Internship at the Marion State Fish Hatchery
Written by: Ashley Upton, Biology Major
Marion State Fish Hatchery is the largest of three freshwater fish hatcheries located in the state of Alabama. These hatcheries are affiliated with the fisheries section of the Alabama Department of Wildlife and Freshwater Fisheries. Each hatchery focuses on producing fish and stocking waterways throughout the state of Alabama. Marion Hatchery has five main purposes: receiving broodstock, spawning fish, producing fry, harvesting ponds, and stocking waterways throughout the state.
Marion Hatchery begins receiving striped bass broodstock in March. Most of the striped bass broodstock are received from Lewis Smith Lake and the Coosa River. Upon arrival at the hatchery, each fish is weighed and placed under anesthesia using MS-222 to reduce the stress administered during handling. Each fish is also tagged for identification purposes.
  The picture above shows typical stage
one eggs.
The eggs of female striped bass must be staged to determine the time until the fish will spawn. Eggs are abstracted by inserting a glass catheter through the genital pore into the ovaries. The eggs are then viewed under a microscope to determine the amount of time until the fish will ovulate.

If the eggs are at a stage one, the female striped bass is injected with Luteinizing Hormone Releasing Hormone (LhRh) to speed up the ovulation time. If needed, the fish will later be injected with Human Chorionic Gonadotropin (HCG). All of the female broodstock are injected with one or both of the hormones in order to speed up ovulation time and to ensure that the time until the fish will spawn is predictable to the staff of the hatchery. Males can also be injected with the hormones to induce milt production.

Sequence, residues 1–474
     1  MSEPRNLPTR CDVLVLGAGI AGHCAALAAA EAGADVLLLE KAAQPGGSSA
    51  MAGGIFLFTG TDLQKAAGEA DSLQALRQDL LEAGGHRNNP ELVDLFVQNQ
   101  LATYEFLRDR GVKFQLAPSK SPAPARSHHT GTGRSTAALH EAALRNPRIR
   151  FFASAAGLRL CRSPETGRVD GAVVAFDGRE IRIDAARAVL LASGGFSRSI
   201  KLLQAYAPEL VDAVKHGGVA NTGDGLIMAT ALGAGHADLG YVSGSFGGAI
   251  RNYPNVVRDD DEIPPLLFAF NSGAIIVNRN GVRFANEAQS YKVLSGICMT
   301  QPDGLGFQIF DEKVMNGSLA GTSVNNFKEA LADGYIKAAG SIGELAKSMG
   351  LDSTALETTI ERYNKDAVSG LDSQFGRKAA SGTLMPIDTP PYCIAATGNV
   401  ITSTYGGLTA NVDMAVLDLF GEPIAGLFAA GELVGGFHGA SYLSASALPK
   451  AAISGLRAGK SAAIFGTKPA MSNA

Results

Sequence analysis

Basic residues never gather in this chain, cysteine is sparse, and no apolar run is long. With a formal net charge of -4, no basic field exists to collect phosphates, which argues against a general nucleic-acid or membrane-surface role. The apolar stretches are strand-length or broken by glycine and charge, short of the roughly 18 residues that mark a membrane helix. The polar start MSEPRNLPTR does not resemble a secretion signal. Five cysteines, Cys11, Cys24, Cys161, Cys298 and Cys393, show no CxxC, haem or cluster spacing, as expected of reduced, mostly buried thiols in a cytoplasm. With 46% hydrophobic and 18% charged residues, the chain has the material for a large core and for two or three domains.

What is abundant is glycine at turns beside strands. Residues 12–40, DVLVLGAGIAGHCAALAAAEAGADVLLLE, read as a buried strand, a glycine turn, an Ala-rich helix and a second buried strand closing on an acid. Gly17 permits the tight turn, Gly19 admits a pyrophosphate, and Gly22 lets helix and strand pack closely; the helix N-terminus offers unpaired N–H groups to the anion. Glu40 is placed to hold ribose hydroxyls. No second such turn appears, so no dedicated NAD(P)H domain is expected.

Upon ovulation, the eggs will flow freely from the female indicating that it is time to spawn. Eggs are fertilized with the milt from many striped bass males to ensure genetic diversity. White bass males can be used in the spawning process if hybrids are desired. The eggs and milt are mixed with water using a feather. Little pressure is exerted during the mixing process to ensure that the eggs are fertilized without causing damage to them. This is a very precise process considering sperm motility lasts only 30 to 60 seconds and eggs remain fertile for only two minutes after added to water.

After spawning is complete, the fertilized eggs are equally apportioned into hatching jars. Each hatching jar is subject to constant water circulation to ensure that the eggs do not settle to the bottom and suffocate. After the eggs hatch, the fry are placed in troughs where their swim bladders inflate allowing them to develop swimming skills. While in the troughs, fry feed off of their yolk sac until about day five when their mouth parts develop allowing them to consume brine shrimp.
When the fry reach a couple of millimeters in length, they are stocked into ponds at the hatchery. Marion Hatchery has over 30 ponds. While in the ponds the fry feed off of zooplankton, which are stocked into these ponds by the hatchery personnel.
When the fry reach an inch or so in length, they are considered fingerlings and are the proper size to be harvested. When the fingerlings are ready to come out of the ponds, they will begin swimming around the banks of the ponds. When this occurs, the ponds are drained and the fingerlings are gathered using nets and then placed in vats until time for shipping.
Each year, fisheries biologists visit waterways throughout the state to evaluate fish populations. Any inadequacies are relayed to hatcheries where needed fish are produced and stocked into these lakes and rivers to prevent population decreases. When fingerlings arrive at the stocking location, they are first acclimated to the receiving waters. This is especially important if the temperature difference between the hauling water and receiving water is greater than 2ºF. After the fingerlings are acclimated, the drain of the hauling basin is opened and the fish are allowed to swim through the drain into the receiving waters. After the striped bass fingerlings are stocked, the long process of capturing broodstock and later stocking tens of thousands of fingerlings in its place is completed.

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